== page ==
Wheelie bin row lands neighbour £15,000 bill

Recycling wheelie bins

A trivial argument about a wheelie bin has landed IT consultant father-of-two Liaquat Ali a £15,733 bill from the High Court. His 'mad' argument about whether his wheelie bin blocked a shared driveway could see Ali remortgage his property to pay his court costs.

How can a row over a 240-litre bin really result in such fees? %VIRTUAL-SkimlinksPromo%

Semi-detached row

"It's really unbelievable," he told the BBC. "It's absurd... over a wheelie bin? It's a small 240 litre wheelie bin which people use all over the country. This is something I could never have dreamt of in my wildest dreams."

It's even more remarkable given that there has been no financial loss to either party. Back in 2011 Ali's neighbour, Iqbal Suleman, wanted Ali to agree that both would not place any bins on the shared drive between their semi-detached properties on Brook Avenue, Edgware, North West London.

Barnet County Court subsequently agreed. But Suleman's solicitor then asked for court costs of £36,000 to be paid by Ali. Horrified, Ali said the costs were excessive and the court costs were cut to £15,733. Still a huge fee for a row about a bin.

Hendon MP Matthew Offord says it's ludicrous a row between neighbours over a wheelie bin should come with a £15,733 costs ticket.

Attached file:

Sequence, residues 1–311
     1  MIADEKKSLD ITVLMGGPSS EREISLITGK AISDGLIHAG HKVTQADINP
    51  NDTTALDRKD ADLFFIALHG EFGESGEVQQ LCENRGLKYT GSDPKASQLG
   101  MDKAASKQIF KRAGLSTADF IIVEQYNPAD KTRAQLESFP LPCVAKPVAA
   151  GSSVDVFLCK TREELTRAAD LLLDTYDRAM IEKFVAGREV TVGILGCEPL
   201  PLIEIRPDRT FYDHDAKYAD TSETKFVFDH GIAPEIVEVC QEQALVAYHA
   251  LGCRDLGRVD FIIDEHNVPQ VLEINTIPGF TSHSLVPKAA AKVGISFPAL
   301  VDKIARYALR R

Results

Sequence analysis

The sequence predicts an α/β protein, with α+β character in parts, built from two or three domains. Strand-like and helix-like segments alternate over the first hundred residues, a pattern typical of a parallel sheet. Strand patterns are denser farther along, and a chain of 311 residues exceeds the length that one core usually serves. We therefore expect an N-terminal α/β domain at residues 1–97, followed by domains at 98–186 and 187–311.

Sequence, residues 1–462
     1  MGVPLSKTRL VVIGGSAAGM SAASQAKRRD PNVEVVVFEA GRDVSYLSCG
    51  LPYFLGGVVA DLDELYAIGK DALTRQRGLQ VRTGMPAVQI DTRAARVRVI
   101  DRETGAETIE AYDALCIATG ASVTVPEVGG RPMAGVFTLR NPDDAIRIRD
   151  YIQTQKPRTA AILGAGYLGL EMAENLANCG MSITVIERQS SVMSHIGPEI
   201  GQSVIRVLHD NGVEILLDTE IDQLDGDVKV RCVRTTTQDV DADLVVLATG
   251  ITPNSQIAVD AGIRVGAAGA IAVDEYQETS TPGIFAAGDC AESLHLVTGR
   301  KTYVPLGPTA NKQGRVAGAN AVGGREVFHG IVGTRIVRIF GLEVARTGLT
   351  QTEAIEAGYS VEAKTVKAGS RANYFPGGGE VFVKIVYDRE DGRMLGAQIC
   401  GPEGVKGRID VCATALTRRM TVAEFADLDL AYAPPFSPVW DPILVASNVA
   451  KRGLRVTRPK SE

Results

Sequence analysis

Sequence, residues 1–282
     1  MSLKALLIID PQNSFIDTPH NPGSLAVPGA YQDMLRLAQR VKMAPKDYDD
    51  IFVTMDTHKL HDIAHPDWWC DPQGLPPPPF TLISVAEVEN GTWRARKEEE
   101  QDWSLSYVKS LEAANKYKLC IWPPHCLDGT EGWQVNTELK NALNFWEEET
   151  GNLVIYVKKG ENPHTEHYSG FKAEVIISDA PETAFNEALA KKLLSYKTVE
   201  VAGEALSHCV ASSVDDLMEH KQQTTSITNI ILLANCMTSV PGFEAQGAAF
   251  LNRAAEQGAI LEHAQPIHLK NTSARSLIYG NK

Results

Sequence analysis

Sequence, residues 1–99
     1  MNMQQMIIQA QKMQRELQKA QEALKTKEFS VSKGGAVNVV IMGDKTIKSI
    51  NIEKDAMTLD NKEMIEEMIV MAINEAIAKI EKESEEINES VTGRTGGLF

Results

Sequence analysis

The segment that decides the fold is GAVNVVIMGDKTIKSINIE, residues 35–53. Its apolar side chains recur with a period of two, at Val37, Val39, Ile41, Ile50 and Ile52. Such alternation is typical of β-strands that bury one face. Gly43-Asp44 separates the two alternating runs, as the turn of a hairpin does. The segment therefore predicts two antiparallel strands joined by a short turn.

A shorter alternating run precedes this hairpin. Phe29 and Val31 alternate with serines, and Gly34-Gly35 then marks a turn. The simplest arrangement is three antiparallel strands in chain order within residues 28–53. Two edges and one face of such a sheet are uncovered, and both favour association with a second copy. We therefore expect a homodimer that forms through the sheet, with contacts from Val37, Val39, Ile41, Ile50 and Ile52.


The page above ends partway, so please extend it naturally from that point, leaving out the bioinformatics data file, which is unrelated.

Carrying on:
14 days to pay

However, Suleman's lawyer, Lyons Davidson, says the issue was never about wheelie bins but right of way. "Our clients," he told the Times, "have been through the legal process and Mr Ali agreed to pay our clients costs which were finalised yesterday and the matter is now concluded."

Ali has 14 days to pay. Last year a row over a garden path saw Judge Gordon Risius tell pensioner Keith Quartermain that, after repeatedly breaching a restraining order, his only option would be to jail him - or order him to sell his house.

"It will be in everyone's best interests if you were to move elsewhere and were I to sentence you to prison today it would probably interfere with a sale," Risius told Quartermain at Oxford Crown Court, the Mail reported.

Sentencing was deferred in the hope Quartermain would sell and move on.

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